He is not stating contradictory facts. Notice if a point is in the interior of boundary chart, there exists an open ball about the image of that point. Cut down the chart so we map just to this open ball and we'll have an interior chart. Thus the point is an interior point in the original sense as well. On the other hand if a point's image lies on the boundary of a boundary chart, you can't cut the chart down to avoid the boundary and so that point can't be an interior point -- unless one had a homeomorphism from a half ball to a ball which Alexander showed is impossible. –  Bill Cook Oct 19 '11 at 21:55
@BillCook: Thanks, but I have the same way of proof I and wrote where I stacked. By contradiction I mean that his argument starting with: If $M$ is an $n$- manifold does not seem to be correct unless he states there that $p$ belongs to at least one of the classes. I read either, or as exactly one class. –  Ilya Oct 19 '11 at 22:03
Without knowing the book, my feeling is that he might not be able to prove the exclusive or at that point; his argument is clearly designed to show the non-exclusive or. You need the (nontrivial) theorem that states that the image of an injective continuous map from an open subset of $\mathbb{R}^n$ to $\mathbb{R}^n$ is open ("invariance of domain"). –  mathstribble Oct 21 '11 at 16:10

2 Answers 2

up vote 14 down vote accepted

I think your confusion is based on interpreting "either ... or" as meaning "one or the other but not both" (exclusive or). Although this interpretation is not uncommon in everyday English, that's not how I was using the phrase in the passage you quoted. I meant "or" in the usual mathematical-logic sense of "one or the other or both" (inclusive or).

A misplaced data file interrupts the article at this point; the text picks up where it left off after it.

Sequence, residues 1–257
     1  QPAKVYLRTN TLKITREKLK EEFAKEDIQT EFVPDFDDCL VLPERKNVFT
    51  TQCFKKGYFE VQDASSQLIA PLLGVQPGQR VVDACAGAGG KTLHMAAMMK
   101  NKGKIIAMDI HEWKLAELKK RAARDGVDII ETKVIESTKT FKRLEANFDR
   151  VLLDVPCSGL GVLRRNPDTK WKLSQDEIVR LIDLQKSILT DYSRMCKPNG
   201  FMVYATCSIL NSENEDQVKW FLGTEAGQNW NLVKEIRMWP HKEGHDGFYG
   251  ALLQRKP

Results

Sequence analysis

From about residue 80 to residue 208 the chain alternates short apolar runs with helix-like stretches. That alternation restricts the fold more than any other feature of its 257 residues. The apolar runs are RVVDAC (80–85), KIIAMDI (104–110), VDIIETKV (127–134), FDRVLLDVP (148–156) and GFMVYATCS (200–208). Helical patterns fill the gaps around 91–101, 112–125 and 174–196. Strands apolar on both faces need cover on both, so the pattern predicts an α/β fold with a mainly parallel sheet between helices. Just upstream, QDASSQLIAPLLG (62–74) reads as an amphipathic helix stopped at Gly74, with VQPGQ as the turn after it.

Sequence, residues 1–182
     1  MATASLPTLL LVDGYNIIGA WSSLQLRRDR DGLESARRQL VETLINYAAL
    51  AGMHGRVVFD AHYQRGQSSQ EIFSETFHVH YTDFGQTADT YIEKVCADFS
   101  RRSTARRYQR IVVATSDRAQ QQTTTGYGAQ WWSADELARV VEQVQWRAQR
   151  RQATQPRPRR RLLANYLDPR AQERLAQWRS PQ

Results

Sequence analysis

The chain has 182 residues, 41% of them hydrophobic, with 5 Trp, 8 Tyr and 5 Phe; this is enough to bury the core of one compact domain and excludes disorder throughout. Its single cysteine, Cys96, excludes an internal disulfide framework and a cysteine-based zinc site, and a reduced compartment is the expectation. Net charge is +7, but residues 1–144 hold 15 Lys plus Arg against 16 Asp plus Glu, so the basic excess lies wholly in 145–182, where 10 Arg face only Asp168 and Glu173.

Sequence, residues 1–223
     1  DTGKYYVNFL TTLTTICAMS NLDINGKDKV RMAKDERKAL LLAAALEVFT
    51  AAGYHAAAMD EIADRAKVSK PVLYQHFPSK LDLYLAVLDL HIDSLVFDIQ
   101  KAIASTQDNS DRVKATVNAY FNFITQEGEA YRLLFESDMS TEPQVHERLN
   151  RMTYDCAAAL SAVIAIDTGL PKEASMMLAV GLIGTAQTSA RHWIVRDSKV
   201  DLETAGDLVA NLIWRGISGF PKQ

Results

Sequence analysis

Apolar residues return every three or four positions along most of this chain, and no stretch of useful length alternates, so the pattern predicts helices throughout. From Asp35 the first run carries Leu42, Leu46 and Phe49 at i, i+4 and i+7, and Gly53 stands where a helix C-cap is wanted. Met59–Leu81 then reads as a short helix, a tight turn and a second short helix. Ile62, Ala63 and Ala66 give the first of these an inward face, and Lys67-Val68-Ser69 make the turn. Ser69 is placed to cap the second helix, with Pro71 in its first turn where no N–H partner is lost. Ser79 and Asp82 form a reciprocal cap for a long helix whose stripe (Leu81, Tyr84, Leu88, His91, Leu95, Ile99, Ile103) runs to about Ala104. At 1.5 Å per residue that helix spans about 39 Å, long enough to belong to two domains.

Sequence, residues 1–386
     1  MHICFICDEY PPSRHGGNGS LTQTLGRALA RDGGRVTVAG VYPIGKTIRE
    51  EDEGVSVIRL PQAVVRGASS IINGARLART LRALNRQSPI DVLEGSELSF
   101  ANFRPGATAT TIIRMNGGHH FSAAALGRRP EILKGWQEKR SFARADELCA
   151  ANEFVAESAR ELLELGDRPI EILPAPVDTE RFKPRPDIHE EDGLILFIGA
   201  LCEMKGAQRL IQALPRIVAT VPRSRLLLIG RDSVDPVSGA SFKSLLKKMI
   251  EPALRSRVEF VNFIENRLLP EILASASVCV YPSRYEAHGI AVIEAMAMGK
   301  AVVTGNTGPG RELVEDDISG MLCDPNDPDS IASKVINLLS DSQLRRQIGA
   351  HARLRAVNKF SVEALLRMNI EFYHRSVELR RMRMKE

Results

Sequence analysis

So my claim on page 43 is that "every point of $M$ is either an interior point or a boundary point," but I'm not claiming (at this stage) that a point cannot be both. The fact that it cannot be both is what Theorem 2.59 (Invariance of the Boundary) guarantees, but the tools for proving it in full generality are not developed until Chapter 13 (Homology).

The issue of exclusive vs. inclusive or is a common source of confusion. In ordinary English, "either...or" is probably most often interpreted as exclusive or, but not universally. The meaning depends on context: in "you can have either soup or salad with your entree," it's clearly exclusive, but in "you must have either a bachelor's degree or three years' experience," it's just as clearly inclusive. The same problem arises even more with "or" alone (if you delete "either" from those two sentences, it doesn't change the meaning of either one).